Monday, 10 February 2020

Catch up!

I have been AWOL for about a year!

The beginning of 2019 was dominated by my husband's Mum's declining health. She died, very peacefully, in April. Soon after her funeral, my husband had major surgery. Happily, the summer was busy with meeting our first grandchild. None of this was conducive to writing and, to be honest, I was really quite tired and felt rather directionless which again, doesn't lead to blogging.

Anyway, this is a new year and decade so time for a post!

These are some useful resources, with a rather chemistry and geography theme, which we have been enjoying recently.

Seterra periodic table

Ellen McHenry Periodic Table games Thank you to @Spreadingthefeast for telling me about this.

Blog about Britain

Oaka books On the map

I hope to be back again soon with a book review.

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Tuesday, 28 January 2020

Primary Maths Resources

Apologies for the lack of posts over the last year. I have a draft post waiting with a bit of explanation!

Anyway, my friend Emma has started a new website, Home Educating the Early Days. Emma's site designed is to give reviews on all things related to home education and is particularly designed to help families with young children who are either starting out on home education or have an interest and aren't sure where to start. Do pop over and have a browse round Emma's site.

Today, I have a guest post on Home Educating the Early Days about Primary Maths Resources.

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Friday, 11 January 2019

Reading Challenge and Advice Please!

Last year, I decided not to take part in a Reading Challenge. Life was busy and whilst I had read plenty of books during the previous year and enjoyed the chance to read more widely, I didn't manage all the categories in the 2017 Christian Reading Challenge.  

2018 wasn't a bad reading year but many of the books were either read alouds to my children or books that I preread to check whether they would be suitable for the home education book club. It was a busy year, after all my eldest daughter was married and strangely enough, this was rather more important than reading!  So, 2019 seems a year for a reading challenge but people, I need advice. My reading is in the doldrums and I don't feel best inspired. 

The plan is to do the avid reader level  of the 2019 Christian Reading Challenge so 26 books not 104. I would like to succeed! Please would you send me ideas. I don't want to buy many books so ideally books from the library/free on line would be great.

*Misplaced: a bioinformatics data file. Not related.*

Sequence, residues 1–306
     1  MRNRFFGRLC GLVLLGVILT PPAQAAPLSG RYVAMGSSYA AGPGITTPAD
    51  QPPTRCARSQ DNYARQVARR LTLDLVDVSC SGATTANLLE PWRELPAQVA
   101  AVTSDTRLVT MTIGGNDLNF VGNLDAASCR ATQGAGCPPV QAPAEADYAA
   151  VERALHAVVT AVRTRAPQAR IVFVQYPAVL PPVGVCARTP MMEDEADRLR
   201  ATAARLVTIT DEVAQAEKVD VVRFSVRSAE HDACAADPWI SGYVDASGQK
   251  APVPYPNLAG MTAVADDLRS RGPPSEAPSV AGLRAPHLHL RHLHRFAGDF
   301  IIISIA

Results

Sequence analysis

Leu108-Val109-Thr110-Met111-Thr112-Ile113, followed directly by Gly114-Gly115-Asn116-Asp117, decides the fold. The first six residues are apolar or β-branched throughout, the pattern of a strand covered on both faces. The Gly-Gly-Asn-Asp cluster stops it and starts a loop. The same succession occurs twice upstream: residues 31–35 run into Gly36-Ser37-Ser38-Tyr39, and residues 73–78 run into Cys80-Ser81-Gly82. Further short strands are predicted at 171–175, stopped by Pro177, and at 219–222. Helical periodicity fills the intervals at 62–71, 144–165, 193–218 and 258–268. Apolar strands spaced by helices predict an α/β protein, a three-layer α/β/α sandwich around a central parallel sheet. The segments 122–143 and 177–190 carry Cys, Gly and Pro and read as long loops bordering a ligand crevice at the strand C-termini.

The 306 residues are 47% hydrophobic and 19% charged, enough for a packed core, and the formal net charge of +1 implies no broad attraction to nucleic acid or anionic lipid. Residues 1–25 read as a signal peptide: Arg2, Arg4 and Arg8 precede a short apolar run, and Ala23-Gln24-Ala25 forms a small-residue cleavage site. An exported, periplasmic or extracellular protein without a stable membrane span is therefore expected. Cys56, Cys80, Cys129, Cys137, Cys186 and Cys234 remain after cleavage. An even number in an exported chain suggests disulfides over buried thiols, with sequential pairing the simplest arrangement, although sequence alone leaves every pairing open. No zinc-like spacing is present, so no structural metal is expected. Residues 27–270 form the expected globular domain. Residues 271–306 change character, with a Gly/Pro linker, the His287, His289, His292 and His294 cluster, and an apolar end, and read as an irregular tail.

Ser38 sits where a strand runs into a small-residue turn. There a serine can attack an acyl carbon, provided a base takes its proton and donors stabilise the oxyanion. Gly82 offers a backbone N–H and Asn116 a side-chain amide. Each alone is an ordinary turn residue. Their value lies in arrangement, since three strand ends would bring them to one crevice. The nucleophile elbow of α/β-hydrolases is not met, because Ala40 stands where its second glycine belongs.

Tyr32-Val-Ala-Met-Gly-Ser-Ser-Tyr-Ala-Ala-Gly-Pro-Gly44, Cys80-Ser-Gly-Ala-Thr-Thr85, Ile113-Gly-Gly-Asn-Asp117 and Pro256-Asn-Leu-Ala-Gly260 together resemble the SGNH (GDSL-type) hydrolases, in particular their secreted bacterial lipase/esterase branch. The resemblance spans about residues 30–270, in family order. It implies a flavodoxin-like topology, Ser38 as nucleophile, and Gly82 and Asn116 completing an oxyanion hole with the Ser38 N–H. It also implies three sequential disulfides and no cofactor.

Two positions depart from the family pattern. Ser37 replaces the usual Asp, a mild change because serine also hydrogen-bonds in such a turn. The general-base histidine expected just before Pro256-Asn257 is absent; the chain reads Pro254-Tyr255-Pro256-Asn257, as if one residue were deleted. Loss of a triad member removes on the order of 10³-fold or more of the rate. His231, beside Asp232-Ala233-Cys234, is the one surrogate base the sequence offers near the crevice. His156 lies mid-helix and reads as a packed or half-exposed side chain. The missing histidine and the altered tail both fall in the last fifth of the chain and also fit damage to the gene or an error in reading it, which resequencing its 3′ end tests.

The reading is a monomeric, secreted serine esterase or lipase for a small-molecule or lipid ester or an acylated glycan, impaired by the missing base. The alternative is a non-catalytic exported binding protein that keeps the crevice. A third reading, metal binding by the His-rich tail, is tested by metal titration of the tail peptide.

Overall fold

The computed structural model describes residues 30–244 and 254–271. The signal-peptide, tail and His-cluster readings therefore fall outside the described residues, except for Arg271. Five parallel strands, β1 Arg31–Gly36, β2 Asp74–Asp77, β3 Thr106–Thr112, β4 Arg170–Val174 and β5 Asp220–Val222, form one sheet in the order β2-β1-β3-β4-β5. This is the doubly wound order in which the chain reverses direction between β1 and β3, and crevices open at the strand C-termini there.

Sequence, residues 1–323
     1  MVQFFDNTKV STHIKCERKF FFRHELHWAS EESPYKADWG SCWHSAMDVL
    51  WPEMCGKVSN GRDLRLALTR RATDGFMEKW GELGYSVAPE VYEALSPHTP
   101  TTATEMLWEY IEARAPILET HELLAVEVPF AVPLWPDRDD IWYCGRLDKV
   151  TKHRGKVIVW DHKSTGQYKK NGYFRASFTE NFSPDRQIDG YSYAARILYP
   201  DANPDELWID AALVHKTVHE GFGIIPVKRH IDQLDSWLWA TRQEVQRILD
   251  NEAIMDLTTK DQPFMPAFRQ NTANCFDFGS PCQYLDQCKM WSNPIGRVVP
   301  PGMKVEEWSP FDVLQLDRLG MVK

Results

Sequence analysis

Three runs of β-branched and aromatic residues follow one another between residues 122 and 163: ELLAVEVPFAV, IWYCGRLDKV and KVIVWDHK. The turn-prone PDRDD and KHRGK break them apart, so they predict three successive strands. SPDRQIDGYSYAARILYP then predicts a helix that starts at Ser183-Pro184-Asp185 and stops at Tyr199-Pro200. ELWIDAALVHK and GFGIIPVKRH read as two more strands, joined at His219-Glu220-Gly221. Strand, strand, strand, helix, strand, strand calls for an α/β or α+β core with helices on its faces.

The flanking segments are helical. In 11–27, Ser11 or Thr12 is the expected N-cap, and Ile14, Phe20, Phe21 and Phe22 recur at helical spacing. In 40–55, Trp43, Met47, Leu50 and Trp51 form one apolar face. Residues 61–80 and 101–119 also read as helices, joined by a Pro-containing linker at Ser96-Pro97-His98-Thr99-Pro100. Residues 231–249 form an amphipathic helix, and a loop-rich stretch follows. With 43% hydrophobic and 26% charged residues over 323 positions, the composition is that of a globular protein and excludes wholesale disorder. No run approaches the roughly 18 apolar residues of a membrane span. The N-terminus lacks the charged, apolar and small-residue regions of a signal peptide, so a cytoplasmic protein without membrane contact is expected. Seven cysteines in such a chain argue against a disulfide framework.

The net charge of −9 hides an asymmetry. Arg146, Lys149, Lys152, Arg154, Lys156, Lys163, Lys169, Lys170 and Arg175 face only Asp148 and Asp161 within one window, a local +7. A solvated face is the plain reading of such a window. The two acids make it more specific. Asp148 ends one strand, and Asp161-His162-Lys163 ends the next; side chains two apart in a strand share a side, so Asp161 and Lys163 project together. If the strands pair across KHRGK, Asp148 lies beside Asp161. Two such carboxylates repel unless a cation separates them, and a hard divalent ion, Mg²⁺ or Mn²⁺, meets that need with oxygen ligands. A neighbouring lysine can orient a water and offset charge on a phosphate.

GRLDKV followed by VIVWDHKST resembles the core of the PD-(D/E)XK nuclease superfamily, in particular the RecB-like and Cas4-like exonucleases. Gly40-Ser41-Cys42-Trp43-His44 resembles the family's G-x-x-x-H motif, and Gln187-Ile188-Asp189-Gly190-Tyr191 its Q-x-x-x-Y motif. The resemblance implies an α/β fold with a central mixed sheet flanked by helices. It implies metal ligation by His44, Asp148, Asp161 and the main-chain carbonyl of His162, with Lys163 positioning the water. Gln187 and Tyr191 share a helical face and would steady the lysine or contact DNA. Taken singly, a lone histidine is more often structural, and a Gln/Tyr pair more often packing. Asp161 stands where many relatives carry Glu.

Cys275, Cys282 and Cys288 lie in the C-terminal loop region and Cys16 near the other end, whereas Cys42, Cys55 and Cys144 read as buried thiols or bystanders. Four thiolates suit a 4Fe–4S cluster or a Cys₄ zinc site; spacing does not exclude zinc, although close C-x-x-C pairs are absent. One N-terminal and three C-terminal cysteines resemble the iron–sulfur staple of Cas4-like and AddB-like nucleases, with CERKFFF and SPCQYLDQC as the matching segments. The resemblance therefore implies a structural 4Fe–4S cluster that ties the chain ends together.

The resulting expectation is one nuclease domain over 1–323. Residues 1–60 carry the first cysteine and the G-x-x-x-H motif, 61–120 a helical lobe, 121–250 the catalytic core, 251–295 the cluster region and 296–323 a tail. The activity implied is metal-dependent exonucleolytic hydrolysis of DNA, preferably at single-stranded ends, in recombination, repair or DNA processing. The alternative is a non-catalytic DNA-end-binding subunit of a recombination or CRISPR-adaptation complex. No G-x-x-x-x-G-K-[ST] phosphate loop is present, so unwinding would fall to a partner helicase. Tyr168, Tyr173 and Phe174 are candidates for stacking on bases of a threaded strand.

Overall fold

The categories follow with my comments. A blank means that I don't know. 

  • A BIOGRAPHY-ideas?
  • A NOVEL-possibly Mary Barton by Elizabeth Gaskell
  •  A BOOK ABOUT HISTORY-SPQR by Mary Beard. I have started this but haven't been gripped so far...
  •  A BOOK ABOUT CHRISTIAN LIVING-possibly a reread of the Loveliness of Christ by Samuel Rutherford
  •  A BOOK WITH AT LEAST 400 PAGES-I have downloaded Dicken's Our Mutual Friend which seems to have over 800 pages according to Amazon.
  •  A BOOK A FRIEND RECOMMENDS-ideas welcome
  •  A BOOK ABOUT CHRISTIAN LIVING-a couple of friends have recommended titles by Jen Wilkin
  •  A BOOK MORE THAN 100 YEARS OLD-Should be easy but I don't know yet.
  • A BOOK BY OR ABOUT A MISSIONARY-Reading Letters from the South Seas by Margaret Patton
  • A BOOK FOR CHILDREN OR TEENS-thinking about Beverley Naidoo's Journey to Jo'burg which is conveniently in the local library.
  •  A BOOK ABOUT FROM A “BEST OF 2018” LIST-not sure. I need to read some lists!
  •  A BOOK WRITTEN BY A PURITAN: John Owen's Glory of Christ.
  • A BOOK ABOUT THEOLOGY: reading Stuart Olyott's Son of Mary: Son of God
  •  A BOOK YOU THINK YOU CAN FINISH IN A WEEKEND-Doug Bond's new book The Resistance
  • A BOOK ABOUT AGING-Jennifer Bute and Louise Morse's book Dementia from the Inside.
  •  A BOOK PUBLISHED IN 2019 -Hopefully, Beyond the Thirty Nine Steps: a biography of John Buchan by Ursula Buchan
  • A BOOK ON THE CURRENT NY TIMES LIST OF BESTSELLERS- possibly the Tattooist of Auschwitz but it seems a bit grim.
  •  A BOOK ABOUT CHURCH HISTORY-hope this isn't a cheat but I am reading SM Houghton's Sketches in Church History with my children. I love this book and it has lead to some interesting discussions and rabbit trails. Who would have known that Patmos is 15 days walk from London plus a few ferries-thank you Google maps!